Black Ink 2.0.6: Solving Improvements

June 4th, 2020

Black Ink 2.0.6 is now available on the Black Ink site and on the Mac App Store.

This update improves some of Black Ink’s nuanced solving affordances, including its support for “direct clue navigation”. When you type a numeric value while solving in Black Ink, you see a heads-up display previewing the clue number you’ll navigate to:

Screenshot from Black Ink showing the numeric display that appears when typing a clue number for direct navigation

Previously to 2.0.6, after typing a clue number you had to press return to “confirm” the jump. Starting with this release, after a short pause the focus will automatically jump without confirmation. It’s the little things that add up!

Complete list of changes for this release:

  • Typing a number to jump to a clue now automatically commits without pressing enter
  • Change default navigation preferences to not pause cursor movement when changing directions
  • Fix the appearance of circled cells to prevent the circle being shifted a little too high
  • Fix a crash that could occur when tabbing in a puzzle with squares that do not correspond to any clue
  • Fix a bug that could change other answers when revealing a multi-character answer
  • Fix a bug that caused the wrong clue to show when reopening the app with a down clue selected

If you enjoy Black Ink, please consider writing a review or rating the app on the Mac App Store, spreading the word on Facebook or Twitter! Thanks for your support.

Black Ink 2.0.4: Support for The Inkubator

April 2nd, 2020

I’m excited to announce a new premium puzzle source for Black Ink: The Inkubator. This puzzle is dedicated to showcasing puzzles constructed by women. Or, as they put it: “cis women, trans women, & woman-aligned constructors.” The puzzles come out twice a month, and normally cost $25/year, but at the moment they are offering a free, two-month trial, which also includes access to the archive of past puzzles.

Black Ink 2.0.4 is available on the home page and on the Mac App Store.

If you enjoy Black Ink, please consider writing a review or rating the app on the Mac App Store, or spreading the word on Facebook or Twitter! Questions or concerns? Get in touch at Thank you.

Rex Parker Does the NY Times With Black Ink

April 1st, 2020

What better way to pass the time indoors than by enjoying a nice crossword puzzle?

For many of us who solve the New York Times daily crossword, Rex Parker’s blog is a regular post-solving stop. If there’s anything that seemed unusually great or, more likely, unusually groan-worthy about a particular puzzle, Rex is likely to have nailed it with concision in his daily review.

Today’s entry is a particular treat because Rex shared a live video of his solving process, featuring none other than Black Ink, our Mac crossword solving app. Here’s a direct link to the YouTube video, which I don’t recommend clicking through to until AFTER you’ve solved the puzzle, unless you don’t mind spoilers:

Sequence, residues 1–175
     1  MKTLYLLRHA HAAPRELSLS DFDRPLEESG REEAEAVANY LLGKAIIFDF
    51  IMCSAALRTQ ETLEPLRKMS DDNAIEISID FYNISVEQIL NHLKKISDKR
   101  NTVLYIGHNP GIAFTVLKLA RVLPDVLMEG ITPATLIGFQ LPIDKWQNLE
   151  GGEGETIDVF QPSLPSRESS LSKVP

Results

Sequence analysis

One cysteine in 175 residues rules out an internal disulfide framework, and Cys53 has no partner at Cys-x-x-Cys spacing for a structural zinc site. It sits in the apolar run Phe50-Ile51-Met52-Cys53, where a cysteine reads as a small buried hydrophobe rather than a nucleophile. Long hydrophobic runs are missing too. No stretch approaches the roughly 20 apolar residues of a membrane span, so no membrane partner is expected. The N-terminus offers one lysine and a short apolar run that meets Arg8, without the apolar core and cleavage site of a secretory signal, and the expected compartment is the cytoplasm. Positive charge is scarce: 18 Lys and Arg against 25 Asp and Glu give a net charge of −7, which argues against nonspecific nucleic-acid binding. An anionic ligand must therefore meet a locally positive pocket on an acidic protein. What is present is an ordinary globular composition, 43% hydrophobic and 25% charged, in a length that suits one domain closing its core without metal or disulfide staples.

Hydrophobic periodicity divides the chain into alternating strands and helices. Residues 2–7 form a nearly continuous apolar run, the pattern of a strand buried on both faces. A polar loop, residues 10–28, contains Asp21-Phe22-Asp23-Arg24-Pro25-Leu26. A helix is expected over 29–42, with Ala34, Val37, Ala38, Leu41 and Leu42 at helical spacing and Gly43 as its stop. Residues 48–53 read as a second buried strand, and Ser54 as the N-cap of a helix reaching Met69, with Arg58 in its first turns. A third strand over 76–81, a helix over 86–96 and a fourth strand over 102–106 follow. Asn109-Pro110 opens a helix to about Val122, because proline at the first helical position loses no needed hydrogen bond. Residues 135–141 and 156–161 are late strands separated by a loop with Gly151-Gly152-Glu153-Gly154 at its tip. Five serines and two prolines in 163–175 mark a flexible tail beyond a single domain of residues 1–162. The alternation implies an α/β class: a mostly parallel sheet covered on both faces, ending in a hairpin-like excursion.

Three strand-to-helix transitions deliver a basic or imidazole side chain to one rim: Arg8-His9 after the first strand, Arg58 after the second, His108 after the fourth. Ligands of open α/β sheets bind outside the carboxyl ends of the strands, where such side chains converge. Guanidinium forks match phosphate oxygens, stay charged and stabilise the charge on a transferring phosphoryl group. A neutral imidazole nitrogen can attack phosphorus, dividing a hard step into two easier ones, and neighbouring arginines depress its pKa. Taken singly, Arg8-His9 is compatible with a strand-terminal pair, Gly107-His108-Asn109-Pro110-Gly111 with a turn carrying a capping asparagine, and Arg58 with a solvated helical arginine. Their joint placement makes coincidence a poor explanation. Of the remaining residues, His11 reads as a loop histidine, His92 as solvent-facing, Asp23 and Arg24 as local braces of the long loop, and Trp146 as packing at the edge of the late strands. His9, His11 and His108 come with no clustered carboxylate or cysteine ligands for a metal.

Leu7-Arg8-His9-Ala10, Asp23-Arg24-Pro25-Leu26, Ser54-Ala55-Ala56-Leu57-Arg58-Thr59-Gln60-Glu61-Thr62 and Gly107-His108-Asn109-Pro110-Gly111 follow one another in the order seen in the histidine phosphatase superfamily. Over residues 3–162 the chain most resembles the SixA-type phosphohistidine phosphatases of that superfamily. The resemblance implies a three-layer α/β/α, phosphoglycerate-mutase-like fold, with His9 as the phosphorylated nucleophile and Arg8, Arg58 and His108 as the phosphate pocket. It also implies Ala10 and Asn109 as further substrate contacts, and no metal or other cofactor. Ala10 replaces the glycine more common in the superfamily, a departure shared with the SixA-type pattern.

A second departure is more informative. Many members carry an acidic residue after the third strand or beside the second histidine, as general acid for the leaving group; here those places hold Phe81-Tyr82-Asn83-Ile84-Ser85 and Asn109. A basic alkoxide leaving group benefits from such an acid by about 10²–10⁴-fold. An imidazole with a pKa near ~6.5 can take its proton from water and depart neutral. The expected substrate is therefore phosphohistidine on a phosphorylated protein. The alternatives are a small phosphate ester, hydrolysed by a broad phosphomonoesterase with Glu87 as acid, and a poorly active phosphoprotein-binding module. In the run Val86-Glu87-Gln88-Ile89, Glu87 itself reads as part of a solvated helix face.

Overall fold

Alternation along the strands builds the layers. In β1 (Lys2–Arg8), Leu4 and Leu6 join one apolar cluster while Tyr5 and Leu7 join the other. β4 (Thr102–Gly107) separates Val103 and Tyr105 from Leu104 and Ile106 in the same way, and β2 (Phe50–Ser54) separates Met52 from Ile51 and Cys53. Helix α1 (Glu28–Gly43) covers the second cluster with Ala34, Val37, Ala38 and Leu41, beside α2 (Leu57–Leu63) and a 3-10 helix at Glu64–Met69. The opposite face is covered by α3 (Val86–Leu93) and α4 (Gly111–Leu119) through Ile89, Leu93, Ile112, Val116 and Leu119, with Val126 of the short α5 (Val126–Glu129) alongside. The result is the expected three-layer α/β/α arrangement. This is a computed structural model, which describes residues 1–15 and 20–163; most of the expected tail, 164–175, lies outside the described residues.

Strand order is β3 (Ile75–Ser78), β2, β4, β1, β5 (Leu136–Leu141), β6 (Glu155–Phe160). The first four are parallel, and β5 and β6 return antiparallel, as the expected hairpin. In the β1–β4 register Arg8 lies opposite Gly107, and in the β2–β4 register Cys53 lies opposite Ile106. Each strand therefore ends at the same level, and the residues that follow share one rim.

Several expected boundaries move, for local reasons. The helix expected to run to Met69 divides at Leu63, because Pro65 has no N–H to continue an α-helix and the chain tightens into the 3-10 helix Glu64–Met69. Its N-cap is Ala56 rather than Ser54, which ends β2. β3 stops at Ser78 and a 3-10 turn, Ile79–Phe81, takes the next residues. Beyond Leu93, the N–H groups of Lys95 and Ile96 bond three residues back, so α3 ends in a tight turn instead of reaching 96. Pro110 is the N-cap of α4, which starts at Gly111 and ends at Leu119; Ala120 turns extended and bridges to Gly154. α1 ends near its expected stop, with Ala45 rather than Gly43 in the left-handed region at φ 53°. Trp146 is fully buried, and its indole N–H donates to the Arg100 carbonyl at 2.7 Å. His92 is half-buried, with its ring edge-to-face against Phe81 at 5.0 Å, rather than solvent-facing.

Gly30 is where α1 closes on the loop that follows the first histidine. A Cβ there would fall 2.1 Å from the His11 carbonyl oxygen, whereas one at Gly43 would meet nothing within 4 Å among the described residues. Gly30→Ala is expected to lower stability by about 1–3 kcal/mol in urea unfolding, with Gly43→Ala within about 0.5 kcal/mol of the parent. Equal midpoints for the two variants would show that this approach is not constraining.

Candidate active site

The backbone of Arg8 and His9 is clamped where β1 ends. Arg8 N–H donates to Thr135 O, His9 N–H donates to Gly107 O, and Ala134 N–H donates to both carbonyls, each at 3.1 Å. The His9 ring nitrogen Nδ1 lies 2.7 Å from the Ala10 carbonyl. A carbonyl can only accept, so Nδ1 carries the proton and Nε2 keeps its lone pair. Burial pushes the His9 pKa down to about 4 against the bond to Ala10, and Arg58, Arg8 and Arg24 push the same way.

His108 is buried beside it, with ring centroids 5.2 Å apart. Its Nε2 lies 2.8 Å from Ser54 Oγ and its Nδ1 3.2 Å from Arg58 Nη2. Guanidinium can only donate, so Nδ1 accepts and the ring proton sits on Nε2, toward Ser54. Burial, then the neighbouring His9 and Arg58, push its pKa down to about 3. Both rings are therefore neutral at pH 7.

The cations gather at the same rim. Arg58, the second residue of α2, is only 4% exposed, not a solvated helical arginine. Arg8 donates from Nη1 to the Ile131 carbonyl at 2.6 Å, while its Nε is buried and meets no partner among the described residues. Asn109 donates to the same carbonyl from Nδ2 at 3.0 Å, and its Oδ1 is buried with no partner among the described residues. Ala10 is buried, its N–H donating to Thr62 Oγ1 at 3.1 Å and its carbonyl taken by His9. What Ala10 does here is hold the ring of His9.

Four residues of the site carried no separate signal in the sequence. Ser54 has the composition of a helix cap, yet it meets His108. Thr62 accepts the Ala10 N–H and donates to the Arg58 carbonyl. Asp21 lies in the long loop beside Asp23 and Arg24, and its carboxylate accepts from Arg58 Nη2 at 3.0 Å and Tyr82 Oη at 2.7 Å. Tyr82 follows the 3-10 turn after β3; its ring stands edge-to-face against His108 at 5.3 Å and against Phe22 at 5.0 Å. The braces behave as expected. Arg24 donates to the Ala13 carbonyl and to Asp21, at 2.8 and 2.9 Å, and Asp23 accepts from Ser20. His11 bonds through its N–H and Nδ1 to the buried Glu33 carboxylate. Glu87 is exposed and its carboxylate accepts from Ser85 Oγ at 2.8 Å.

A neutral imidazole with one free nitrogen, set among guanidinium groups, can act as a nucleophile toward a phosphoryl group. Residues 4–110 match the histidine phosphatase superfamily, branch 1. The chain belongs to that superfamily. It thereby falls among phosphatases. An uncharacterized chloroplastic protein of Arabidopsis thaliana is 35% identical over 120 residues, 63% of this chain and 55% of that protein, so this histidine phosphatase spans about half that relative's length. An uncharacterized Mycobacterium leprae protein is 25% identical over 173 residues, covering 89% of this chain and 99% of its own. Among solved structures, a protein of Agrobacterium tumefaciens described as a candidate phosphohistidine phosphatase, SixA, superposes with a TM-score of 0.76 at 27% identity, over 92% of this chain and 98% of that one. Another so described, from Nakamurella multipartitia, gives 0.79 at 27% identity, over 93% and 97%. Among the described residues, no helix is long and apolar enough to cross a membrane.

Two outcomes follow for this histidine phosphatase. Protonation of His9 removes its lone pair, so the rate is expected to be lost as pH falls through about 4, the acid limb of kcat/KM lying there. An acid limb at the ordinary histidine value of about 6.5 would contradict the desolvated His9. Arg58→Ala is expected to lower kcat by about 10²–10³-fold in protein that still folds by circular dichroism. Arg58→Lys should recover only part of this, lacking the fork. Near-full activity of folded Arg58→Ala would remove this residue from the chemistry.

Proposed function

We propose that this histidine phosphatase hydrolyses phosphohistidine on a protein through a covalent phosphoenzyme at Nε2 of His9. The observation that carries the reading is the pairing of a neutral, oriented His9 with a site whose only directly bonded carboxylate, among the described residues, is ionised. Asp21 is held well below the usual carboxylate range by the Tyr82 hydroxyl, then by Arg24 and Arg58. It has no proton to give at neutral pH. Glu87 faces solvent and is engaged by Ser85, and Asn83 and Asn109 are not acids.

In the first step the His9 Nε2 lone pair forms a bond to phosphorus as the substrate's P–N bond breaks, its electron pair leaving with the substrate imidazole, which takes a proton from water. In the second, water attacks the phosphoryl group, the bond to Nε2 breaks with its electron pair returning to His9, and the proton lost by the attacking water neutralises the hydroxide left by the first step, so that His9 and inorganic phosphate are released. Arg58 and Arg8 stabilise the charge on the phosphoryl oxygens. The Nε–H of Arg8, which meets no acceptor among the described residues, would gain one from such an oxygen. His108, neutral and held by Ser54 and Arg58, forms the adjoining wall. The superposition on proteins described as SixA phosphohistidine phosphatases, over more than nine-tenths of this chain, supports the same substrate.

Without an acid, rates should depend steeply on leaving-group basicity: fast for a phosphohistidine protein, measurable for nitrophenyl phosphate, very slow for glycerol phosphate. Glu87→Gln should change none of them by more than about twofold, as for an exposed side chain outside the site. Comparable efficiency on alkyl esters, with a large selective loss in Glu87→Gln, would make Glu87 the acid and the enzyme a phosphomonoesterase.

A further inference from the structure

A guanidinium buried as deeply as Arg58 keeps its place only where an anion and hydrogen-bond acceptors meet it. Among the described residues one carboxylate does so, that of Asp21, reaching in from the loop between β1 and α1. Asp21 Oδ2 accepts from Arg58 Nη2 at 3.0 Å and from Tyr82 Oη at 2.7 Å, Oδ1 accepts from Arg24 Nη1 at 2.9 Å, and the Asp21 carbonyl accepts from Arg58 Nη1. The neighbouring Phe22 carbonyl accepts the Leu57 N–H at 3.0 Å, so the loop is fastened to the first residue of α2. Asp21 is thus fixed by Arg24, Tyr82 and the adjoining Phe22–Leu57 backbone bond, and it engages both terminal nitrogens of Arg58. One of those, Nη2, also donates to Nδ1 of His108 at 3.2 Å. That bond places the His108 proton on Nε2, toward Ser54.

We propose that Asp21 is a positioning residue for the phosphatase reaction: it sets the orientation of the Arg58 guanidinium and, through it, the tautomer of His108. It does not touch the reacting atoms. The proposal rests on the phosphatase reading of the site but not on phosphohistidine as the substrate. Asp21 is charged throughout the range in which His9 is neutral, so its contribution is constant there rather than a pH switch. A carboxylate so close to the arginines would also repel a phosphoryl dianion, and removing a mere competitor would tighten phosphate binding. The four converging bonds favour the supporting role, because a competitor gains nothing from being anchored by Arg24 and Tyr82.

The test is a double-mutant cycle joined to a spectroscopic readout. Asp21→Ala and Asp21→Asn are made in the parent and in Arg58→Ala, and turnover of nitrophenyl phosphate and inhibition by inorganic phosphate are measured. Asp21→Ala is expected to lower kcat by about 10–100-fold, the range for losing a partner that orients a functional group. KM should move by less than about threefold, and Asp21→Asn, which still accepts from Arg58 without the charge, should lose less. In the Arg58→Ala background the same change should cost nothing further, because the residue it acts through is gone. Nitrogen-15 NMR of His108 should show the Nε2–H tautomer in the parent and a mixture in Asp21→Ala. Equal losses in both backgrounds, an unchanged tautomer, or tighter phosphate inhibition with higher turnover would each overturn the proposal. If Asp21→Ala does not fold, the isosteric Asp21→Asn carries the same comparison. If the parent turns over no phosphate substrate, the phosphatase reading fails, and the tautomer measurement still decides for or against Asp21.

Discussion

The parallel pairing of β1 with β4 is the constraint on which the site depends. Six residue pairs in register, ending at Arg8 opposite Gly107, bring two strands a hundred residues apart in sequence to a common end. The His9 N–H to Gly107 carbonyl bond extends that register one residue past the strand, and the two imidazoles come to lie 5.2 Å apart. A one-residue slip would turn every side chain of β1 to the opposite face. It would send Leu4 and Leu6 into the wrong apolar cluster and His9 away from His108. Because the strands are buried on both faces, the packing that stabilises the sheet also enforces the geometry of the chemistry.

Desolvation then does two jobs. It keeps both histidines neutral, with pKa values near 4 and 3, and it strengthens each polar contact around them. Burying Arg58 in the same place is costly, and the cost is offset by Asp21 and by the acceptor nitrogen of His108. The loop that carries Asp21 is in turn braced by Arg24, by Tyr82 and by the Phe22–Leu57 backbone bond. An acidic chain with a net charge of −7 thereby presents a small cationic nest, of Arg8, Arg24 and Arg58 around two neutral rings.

Watch Rex Parker solve the New York Times crossword with Black Ink

It’s fun to see a master at work, especially when he’s using such an excellent tool to get the job done!

Dictionary Lookups in Black Ink

March 27th, 2020

Crossword lovers enjoy Black Ink’s beautifully rendered puzzle grids, elegant solving dynamics, and the ease with which you can download and solve puzzles right on your Mac. But there are many other features lurking just beneath the surface.

One lesser-known capability leans on the brilliant system-wide dictionary lookup service that Apple provides, built-in to every Mac. If you’re not familiar with it, try it out as soon as you can: just hold the Command, Control and D keys while the mouse cursor on your Mac is hovering over some text. A dictionary lookup is performed and the results bounce to life right before your eyes. Pretty neat, huh?

Black Ink offers several features that give you some help when you’re stumped with a puzzle. There are options to check the accuracy of an entry you’ve made, and integration with the popular service, which helps to suggest possible answers based on your current entries. When all else fails, you can even ask Black Ink to reveal the answer for any cell in the grid.

But sometimes the challenge isn’t so much in figuring out the answer, as it is in figuring out the clue itself. I took care in developing Black Ink that the same dictionary lookup functionality can be applied to the clues of a puzzle you’re in the midst of solving, so that you have a sporting chance of guessing the answer.

For example, many of the world’s most famous puzzles are American, and include clues that are aimed at an American audience. For folks elsewhere in the world who still enjoy the puzzles, it could be perplexing to come across a clue like “Betty Crocker product”. Now, I know who Betty Crocker is, but if you’re not from the United States, I’m not sure you do! Not a problem, just hold down Command, Control, and D. Because Wikipedia is configured as one of the dictionary lookup sources, I get this useful result:

Screenshot of Black Ink crossword app with the words

Aha, Betty Crocker is a famous brand food products company in the US. This summary doesn’t completely convey the cultural knowledge of what Betty Crocker means to the average American, but it’s at least a good head start in figuring out the answer to this clue, which happens to be CAKEMIX.

One of the things I love about solving crossword puzzles myself is that they are at once a challenge of my existing knowledge, and a means of increasing it. Of course I try to answer every clue without assistance, but when a “Betty Crocker” comes along, I know just what to do to level the playing field.